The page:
A few observations.
To speak of mercy amidst the mob is not a popular choice. And, sure: when the wound is fresh, you don’t go telling people to make amends.
But when can you?
Among the left, catch phrases like “prison abolition” and “restorative justice” have gained traction. It seems the act of mercy here is left to some vague other. When it comes to extending mercy and grace in our own lives, however, too often no apology is sufficient, no forgiveness is ever possible.
Nick Cave wrote eloquently about mercy earlier this year. I was disturbed to see, when searching for the link, that F0x N3ws highlighted his post, pulling a quote that’s critical of cancel culture, because of course those are buzz words that fuel the right’s unending thirst to punish and demonize the left. But Nick Cave’s post was about more than just cancel culture:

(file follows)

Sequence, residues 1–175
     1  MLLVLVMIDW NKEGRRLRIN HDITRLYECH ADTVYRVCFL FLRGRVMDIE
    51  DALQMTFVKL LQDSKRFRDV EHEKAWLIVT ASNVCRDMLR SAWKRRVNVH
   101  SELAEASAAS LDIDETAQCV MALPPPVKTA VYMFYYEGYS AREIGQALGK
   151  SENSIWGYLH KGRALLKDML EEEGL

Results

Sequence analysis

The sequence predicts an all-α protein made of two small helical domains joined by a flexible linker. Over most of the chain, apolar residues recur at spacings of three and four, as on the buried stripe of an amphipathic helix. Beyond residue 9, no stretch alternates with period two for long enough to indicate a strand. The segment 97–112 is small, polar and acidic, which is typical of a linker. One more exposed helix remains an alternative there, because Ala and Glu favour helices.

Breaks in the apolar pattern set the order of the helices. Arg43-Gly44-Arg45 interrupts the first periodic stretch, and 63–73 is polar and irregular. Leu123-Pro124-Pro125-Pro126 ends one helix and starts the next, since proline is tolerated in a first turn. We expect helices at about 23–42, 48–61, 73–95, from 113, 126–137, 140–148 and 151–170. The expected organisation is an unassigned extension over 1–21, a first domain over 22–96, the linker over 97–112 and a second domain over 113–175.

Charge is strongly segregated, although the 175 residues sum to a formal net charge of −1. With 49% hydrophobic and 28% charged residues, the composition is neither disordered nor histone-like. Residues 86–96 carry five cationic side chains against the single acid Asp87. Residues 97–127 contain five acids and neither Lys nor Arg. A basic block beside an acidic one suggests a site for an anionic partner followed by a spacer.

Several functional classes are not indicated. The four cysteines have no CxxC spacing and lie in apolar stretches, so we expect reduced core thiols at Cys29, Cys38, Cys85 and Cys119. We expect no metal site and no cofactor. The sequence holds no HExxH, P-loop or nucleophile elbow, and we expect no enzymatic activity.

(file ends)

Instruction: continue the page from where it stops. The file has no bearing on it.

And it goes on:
What prompts this post?
I would only say this: if someone (me) is afraid to publicly advocate mercy for someone who has made a mistake – and yes, a mistake was most definitely made in this case, and the party in question has admitted fault – for fear of career-ending retribution, then something is wrong on a profound level. It means that mercy is no longer a shared value.
The trick is that we on the left conflate mercy with fairness. Mercy, however, is fundamentally unfair. Mercy means that revenge never comes. Mercy does not satisfy. Mercy means accepting a hurt, and that sort of acceptance is, at heart, unfair to the one who has been injured. For those in power to speak of mercy to those who are marginalized is, in many cases, wholly hypocritical.
One thing mercy does not preclude, however, is restoration.
Before asking of others that they forgive damage, injury, and insult, perhaps we should begin with ourselves, and ask what can we first restore.
It is not easy. It is not fair. It may not even be right.
It is, however, a path to freedom.